MC_1234 wrote: ↑Mon May 10, 2021 1:35 pmWhen diagramming out the conditional reasoning, the solution in the book makes sense for me up until when getting to FB -> LV. I am confused on recognizing paraphrases such as "fall behind in the international arms race" meaning "wind up in a strategically disadvantageous position". While I can understand looking at them now they are similar, I wouldn't have imagined treating them as a paraphrase in order to diagram FB -> LV.
The key here is in your last sentence, when you say you wouldn't have imagined them to be similar. You can't be passive here, and you have to actively look for connections like these. The idea being that if you can see it afterward, then you can start looking for it during, especially because this wouldn't all connect together well without some sort of equivalence like this. Whenever I see multiple conditions in a problem, I immediately look to see if they haven't pulled this exact type of trick. Hopefully it's something easy to see like "never absent" = "always present," but the test makers aren't limited to something so definitionally straightforward. Regrettably, they can and do torture the relationships in the way we see in this problem. which is exactly why we use this problem as a discussion example!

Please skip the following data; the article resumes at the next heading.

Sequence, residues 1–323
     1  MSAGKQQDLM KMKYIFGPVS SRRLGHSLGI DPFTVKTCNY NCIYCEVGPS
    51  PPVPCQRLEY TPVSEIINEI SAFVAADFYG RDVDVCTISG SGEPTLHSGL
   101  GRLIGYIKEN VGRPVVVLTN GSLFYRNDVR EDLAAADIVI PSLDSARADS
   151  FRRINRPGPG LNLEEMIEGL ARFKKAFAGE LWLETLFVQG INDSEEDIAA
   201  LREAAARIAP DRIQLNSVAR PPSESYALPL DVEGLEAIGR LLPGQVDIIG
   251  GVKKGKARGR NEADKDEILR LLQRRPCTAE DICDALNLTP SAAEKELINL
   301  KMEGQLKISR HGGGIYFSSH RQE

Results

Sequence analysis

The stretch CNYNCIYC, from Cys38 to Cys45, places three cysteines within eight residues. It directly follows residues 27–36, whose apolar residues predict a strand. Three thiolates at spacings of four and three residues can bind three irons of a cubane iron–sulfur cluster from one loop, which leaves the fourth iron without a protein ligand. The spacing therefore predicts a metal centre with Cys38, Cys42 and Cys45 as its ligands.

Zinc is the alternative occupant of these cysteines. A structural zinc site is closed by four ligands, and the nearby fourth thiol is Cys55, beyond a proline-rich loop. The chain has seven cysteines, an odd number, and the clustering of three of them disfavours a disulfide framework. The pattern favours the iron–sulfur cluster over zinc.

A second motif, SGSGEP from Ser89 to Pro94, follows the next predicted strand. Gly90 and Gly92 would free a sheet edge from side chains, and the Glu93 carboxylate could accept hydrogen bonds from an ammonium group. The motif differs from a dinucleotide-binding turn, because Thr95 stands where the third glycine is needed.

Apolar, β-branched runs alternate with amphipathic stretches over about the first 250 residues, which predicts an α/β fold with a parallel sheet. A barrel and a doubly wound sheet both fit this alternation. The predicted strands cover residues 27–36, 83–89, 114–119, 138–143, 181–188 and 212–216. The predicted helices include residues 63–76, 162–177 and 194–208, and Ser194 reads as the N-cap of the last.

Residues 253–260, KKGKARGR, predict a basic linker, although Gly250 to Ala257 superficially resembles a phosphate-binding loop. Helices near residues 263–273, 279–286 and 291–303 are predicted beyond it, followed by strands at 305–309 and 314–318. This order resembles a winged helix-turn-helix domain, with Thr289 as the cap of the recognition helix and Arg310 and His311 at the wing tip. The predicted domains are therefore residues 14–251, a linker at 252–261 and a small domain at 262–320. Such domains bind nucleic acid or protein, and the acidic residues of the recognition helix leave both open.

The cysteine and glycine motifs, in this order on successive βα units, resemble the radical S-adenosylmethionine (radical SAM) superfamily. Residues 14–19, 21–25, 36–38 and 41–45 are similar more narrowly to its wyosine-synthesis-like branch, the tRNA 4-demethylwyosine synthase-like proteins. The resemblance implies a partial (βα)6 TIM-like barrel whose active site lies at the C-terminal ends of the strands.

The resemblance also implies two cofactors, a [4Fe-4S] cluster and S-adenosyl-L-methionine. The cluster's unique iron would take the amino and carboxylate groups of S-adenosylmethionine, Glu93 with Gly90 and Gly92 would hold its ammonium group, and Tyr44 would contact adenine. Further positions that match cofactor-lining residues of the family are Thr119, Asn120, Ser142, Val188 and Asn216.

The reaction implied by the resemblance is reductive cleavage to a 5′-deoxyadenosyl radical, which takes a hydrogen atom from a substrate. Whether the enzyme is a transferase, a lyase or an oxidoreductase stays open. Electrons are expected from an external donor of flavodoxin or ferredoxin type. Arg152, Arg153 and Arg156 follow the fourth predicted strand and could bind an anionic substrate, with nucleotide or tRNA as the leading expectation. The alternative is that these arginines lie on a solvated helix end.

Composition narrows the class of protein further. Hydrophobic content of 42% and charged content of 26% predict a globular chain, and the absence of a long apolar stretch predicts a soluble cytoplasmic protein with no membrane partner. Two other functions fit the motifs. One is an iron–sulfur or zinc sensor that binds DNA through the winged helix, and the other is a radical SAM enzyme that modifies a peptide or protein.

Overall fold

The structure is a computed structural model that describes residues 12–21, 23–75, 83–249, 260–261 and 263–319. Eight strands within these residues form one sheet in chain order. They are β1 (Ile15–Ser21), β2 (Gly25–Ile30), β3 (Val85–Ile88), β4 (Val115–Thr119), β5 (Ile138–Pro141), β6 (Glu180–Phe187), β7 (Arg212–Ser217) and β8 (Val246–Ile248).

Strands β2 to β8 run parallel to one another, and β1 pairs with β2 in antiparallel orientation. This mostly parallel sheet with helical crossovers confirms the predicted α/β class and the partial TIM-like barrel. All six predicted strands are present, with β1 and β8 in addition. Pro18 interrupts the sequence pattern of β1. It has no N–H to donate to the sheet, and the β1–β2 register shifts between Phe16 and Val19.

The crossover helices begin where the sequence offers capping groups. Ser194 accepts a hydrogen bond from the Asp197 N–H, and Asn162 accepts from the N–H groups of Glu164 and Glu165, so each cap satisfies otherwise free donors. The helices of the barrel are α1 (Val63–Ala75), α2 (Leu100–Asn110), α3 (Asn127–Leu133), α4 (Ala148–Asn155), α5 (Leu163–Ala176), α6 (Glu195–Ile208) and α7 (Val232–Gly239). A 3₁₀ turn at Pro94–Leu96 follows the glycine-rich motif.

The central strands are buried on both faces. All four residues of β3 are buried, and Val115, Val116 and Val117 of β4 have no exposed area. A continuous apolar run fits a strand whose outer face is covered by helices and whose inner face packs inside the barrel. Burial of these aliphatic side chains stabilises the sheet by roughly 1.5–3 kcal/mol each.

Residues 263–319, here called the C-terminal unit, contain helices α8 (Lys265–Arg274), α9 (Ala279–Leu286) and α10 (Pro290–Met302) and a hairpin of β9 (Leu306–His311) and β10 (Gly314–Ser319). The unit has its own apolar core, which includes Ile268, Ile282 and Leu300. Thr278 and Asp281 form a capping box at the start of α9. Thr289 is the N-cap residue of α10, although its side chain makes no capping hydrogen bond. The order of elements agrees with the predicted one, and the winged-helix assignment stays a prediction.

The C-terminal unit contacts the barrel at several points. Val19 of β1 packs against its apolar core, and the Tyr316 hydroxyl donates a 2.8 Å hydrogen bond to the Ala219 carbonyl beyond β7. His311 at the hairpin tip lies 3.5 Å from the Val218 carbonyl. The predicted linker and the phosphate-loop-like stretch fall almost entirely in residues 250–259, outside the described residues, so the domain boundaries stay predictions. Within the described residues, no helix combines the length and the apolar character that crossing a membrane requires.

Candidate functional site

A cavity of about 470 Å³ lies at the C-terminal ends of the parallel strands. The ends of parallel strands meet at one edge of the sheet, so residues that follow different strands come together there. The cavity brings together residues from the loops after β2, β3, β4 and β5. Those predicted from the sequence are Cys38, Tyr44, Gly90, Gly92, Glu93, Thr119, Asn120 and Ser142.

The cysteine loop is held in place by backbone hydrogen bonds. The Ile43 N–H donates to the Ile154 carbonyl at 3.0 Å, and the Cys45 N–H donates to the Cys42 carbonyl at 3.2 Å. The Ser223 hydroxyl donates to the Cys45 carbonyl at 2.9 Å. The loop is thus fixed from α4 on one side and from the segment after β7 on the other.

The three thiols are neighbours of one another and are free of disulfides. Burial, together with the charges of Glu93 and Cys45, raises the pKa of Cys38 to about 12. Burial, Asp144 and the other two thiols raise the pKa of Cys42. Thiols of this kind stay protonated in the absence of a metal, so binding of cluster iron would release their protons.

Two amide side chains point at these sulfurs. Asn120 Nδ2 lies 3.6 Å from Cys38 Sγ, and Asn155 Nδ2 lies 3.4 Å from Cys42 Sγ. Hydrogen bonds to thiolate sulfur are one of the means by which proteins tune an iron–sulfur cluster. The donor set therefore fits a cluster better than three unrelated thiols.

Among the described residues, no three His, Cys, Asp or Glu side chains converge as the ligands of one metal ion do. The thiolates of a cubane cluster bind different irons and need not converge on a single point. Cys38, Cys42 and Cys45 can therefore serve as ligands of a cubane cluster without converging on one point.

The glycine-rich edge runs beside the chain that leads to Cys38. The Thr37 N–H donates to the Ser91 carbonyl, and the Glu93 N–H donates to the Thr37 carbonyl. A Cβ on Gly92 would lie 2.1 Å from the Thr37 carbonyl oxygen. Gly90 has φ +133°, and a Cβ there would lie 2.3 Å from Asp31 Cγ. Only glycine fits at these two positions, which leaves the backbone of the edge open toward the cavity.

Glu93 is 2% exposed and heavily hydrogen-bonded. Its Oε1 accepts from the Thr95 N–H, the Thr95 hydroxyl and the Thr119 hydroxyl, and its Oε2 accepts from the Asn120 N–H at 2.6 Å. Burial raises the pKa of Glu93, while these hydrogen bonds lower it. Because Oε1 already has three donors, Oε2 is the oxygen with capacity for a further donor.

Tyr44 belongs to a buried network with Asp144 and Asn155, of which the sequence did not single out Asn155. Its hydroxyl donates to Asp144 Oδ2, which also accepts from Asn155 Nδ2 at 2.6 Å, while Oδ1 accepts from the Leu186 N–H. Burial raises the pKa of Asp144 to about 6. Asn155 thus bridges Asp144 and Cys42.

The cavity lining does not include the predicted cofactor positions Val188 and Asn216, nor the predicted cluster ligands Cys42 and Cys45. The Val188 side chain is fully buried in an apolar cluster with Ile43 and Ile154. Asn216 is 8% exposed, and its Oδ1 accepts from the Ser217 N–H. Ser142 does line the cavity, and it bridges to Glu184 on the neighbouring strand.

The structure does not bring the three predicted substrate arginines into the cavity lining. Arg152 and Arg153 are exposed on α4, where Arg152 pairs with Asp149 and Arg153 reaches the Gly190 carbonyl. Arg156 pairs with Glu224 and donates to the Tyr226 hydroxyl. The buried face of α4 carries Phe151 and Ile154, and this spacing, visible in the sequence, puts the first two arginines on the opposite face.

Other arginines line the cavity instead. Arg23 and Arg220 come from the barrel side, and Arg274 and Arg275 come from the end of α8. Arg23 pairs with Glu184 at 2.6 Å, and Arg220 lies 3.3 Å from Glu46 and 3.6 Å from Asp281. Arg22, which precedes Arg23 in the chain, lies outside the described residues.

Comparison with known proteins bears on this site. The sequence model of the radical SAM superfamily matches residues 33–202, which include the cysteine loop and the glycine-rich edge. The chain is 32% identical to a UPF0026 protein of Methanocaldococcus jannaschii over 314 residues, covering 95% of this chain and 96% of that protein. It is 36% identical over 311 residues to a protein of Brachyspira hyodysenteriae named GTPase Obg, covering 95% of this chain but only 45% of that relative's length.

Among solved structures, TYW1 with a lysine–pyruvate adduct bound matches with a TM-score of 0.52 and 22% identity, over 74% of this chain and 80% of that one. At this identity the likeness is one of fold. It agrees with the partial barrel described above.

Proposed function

MC_1234 wrote: ↑Mon May 10, 2021 1:35 pmSimilarly in the question when the phrase "the nation wants to maintain its value system and way of life" I do not see how this paraphrases (while admittedly in the book says its a rough paraphrase) lead to ~FB and ~LV.
Which did not lead me to ~FB and ~LV -> ~HT30. While I do understand the necessary condition being negated here, it was more coming up with the sufficient.
It's really the same thing as in the prior comment: you have to be looking to make a rough equivalence because otherwise the stimulus doesn't make sense; it's just a bunch of disconnected statements, and that's not what they do on the LSAT
Keep in mind as well that we are just explaining what LSAC
is doing. Anything we say about a problem is a reflection of how they are thinking, not us imposing some new way of thinking on them. As I often say, you have to see the test through the eyes of the test makers, because their view is the only one that matters.